Of the nation’s 10 largest metro areas all but two have posted median home sale prices this year that are within about 10 percent of an all-time high – a sign of waning affordability. But in most of those markets the inflation-adjusted, principal-and-interest mortgage payments that homebuyers have committed to this year remain much lower than their pre-crisis peaks.
One way to measure the impact of inflation, mortgage rates and home prices on affordability over time is to use what we call the “typical mortgage payment.” It’s a mortgage-rate-adjusted monthly payment based on each month’s median home sale price (see recent blog on the U.S. typical mtg payment). It is calculated using Freddie Mac’s average rate on a 30-year fixed-rate mortgage with a 20 percent down payment. It does not include taxes or insurance. The typical mortgage payment is a good proxy for affordability because it shows the monthly amount that a borrower would have to qualify for in order to get a mortgage to buy the median-priced home.
Adjusting the historical typical mortgage payments for inflation – meaning they are in 2018 dollars – shows that while the payments have trended higher in all of the top 10 metros in recent years (Figure 1) they remained below peak levels this March in all but the Denver and San Francisco areas (Figure 2). The main reason the typical mortgage payment remains well below record levels in most of the country is that the average mortgage rate back in June 2006, when the U.S. typical mortgage payment peaked, was about 6.7 percent, compared with an average mortgage rate of about 4.4 percent in March 2018. Also, the inflation-adjusted U.S. median sale price in June 2006 was $247,110 (or $199,899 in 2006 dollars), compared with $213,400 in March 2018. The March 2018 typical mortgage payments in the Denver and San Francisco regions have risen to record levels because those regions’ prices hit new highs this spring, reflecting strong technology sector job growth that has helped fuel robust housing demand at a time supply has not kept pace.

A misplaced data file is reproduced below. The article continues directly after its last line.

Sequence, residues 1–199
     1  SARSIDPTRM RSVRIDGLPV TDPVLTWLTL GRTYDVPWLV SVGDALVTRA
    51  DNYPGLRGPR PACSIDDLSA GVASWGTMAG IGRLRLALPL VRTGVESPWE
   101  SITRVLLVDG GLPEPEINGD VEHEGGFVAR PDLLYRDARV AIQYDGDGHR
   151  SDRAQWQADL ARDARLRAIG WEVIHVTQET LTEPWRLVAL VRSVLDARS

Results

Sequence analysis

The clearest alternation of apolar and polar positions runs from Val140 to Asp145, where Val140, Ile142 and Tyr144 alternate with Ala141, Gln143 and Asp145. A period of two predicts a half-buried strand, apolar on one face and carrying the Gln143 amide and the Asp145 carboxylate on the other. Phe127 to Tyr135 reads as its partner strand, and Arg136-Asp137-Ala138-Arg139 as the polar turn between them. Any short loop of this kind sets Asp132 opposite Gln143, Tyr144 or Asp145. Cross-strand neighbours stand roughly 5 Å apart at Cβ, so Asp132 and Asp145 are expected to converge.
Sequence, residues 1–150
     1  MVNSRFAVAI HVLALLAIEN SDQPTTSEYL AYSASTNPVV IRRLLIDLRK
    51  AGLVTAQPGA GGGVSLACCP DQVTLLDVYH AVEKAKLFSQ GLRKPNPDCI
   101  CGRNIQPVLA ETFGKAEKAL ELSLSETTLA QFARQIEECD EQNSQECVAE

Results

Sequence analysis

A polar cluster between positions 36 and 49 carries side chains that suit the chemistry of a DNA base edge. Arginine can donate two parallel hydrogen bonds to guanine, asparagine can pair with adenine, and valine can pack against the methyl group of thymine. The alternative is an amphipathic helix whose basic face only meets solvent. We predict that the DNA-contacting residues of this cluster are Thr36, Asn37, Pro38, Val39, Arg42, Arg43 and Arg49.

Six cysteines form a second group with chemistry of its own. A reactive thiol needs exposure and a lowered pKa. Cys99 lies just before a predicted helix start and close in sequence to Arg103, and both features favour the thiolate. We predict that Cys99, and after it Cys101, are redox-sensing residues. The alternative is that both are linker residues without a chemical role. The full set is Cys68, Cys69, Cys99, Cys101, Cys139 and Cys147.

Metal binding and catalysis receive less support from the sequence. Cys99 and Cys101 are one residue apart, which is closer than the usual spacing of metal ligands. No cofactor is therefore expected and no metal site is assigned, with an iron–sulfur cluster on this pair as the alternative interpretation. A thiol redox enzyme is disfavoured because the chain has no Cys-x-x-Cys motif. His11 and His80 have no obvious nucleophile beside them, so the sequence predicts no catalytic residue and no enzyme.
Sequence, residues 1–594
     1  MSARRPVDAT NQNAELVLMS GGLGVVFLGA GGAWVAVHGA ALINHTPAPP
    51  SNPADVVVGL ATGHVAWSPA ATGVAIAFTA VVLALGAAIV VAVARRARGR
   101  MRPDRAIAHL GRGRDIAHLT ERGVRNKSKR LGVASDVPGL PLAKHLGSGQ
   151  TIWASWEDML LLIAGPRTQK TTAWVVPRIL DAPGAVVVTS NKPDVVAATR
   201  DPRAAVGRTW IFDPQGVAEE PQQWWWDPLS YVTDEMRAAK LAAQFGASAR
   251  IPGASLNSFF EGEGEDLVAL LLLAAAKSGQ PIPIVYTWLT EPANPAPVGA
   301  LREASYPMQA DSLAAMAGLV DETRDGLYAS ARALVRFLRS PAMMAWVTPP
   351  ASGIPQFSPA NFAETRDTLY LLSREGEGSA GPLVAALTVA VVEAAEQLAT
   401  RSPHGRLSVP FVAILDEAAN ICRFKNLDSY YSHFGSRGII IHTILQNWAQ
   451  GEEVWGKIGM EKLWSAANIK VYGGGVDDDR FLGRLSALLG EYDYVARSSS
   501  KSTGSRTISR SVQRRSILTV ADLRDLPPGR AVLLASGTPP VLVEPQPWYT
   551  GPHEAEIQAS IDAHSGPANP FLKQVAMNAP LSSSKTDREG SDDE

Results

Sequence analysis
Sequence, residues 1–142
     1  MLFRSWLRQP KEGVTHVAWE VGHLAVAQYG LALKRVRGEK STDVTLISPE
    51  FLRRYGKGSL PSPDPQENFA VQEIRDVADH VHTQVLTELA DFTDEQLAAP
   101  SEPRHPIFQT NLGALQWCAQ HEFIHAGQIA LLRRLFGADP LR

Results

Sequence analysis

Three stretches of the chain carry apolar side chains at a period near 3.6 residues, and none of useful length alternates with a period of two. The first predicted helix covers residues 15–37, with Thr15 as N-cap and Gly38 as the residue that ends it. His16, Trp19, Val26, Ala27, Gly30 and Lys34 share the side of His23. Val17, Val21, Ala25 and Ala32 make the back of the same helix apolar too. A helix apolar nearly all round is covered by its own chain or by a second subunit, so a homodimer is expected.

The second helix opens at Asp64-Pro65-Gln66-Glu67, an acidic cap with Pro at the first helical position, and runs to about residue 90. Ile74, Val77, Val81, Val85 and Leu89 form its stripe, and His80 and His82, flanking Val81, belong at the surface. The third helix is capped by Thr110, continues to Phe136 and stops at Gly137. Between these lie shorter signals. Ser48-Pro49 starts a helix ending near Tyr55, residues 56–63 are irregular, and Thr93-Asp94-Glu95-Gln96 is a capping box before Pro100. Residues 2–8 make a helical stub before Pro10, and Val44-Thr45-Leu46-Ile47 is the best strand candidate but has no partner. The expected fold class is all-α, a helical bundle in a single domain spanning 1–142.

The U.S. typical mortgage payment’s high point in 2006 reflects an abundance of subprime and other risky home financing products back then – products no longer widely available – that allowed homebuyers to stretch to their financial max, creating what some people consider an artificial price peak. An alternative reference point for comparing today’s typical mortgage payments is 2002, before the worst of the risky loans inflated an historic home price bubble. Half of the top 10 metro areas had inflation-adjusted typical mortgage payments in March 2018 that were higher than in March 2002 (Figure 3), meaning affordability is worse now.
 The top 10 U.S. metro areas by population: Boston MA Metropolitan Division; Chicago-Naperville-Arlington Heights IL Metropolitan Division; Denver-Aurora-Lakewood CO Metropolitan Statistical Area; Houston-The Woodlands-Sugar Land TX Metropolitan Statistical Area; Las Vegas-Henderson-Paradise NV Metropolitan Statistical Area; Los Angeles-Long Beach-Glendale CA Metropolitan Division; Miami-Miami Beach-Kendall FL Metropolitan Division; New York-Jersey City-White Plains NY-NJ Metropolitan Division; San Francisco-Redwood City-South San Francisco CA Metropolitan Division; Washington-Arlington-Alexandria DC-VA-MD-WV Metropolitan Division
 Inflation adjustments made with the U.S. Bureau of Labor Statistics Consumer Price Index (CPI), Urban Consumer – All Items.
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